The custom device that Mendel fashioned features two large rods and a couple of smaller rods fixed to the pelvis and spine with 14 screws to help provide support while the leg bones fused together.
The Ohio State surgery marked the first time that surgeons used living bone from the patient's amputated limb to reconstruct the pelvis in this fashion. This allowed the bones to fuse together to create an intact pelvic ring strong enough to allow the patient to walk again on a prosthetic leg, according to Mayerson, director of the division of musculoskeletal oncology in the department of orthopedics.
"Once you disrupt the pelvic ring to the extent done in this case, the stability of your spine connected to your pelvis is not nearly as good. The surgical team came up with a way to reconstruct the patient's pelvic ring to provide solid support, so that he could be as active as possible," adds Mayerson.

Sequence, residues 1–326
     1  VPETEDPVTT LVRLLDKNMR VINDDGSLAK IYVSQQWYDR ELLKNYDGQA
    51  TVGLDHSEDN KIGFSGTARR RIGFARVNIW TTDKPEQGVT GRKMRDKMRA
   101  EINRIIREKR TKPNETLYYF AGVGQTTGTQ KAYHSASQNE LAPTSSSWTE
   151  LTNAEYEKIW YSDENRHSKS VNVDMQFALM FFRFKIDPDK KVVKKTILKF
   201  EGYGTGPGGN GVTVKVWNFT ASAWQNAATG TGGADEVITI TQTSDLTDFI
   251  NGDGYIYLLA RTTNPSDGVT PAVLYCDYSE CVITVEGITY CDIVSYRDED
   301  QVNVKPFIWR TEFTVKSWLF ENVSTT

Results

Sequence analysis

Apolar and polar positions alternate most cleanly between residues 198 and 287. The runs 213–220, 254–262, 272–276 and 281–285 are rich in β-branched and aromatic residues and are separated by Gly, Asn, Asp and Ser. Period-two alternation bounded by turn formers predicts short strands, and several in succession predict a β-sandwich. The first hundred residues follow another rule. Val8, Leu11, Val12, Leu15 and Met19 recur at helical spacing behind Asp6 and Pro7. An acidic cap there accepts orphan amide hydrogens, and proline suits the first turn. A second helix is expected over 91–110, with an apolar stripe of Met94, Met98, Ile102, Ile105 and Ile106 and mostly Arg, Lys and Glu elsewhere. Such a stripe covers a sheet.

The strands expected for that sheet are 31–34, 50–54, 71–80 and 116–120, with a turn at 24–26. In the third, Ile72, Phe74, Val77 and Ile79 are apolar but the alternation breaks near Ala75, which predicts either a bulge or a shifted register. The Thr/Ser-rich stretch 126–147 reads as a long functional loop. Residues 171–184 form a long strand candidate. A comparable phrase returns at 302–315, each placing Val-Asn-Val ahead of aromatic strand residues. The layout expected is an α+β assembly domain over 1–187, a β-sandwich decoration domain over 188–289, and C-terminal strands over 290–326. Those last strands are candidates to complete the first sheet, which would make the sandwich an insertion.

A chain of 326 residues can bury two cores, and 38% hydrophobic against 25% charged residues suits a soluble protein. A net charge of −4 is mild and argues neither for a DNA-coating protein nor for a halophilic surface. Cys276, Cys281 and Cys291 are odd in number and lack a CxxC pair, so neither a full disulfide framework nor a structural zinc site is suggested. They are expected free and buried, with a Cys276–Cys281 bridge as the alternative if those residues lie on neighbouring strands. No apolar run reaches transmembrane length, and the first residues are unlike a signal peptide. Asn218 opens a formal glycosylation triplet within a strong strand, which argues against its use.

The surgical team amputated the patient's leg, but preserved the femur (thigh bone) and fibula (lower leg bone), along with their still-attached blood vessels, skin and muscles that Miller then transferred into the pelvis.
The patient, 53-year-old Mike Prindle of Baltimore, Ohio, was a mail carrier who developed a chondrosarcoma tumor on his pelvis and sacrum (tailbone) that, if left untreated, would have eventually killed him. Since this type of bone cancer does not respond to chemotherapy or radiation, surgery was his only treatment option.
The surgery and recovery proved successful with no major complications. Earlier this year, Prindle was fitted with a high-tech computerized prosthetic leg, and has been undergoing physical therapy rehabilitation sessions twice a week at Ohio St
|Contact: Eileen Scahill|
Ohio State University Medical Center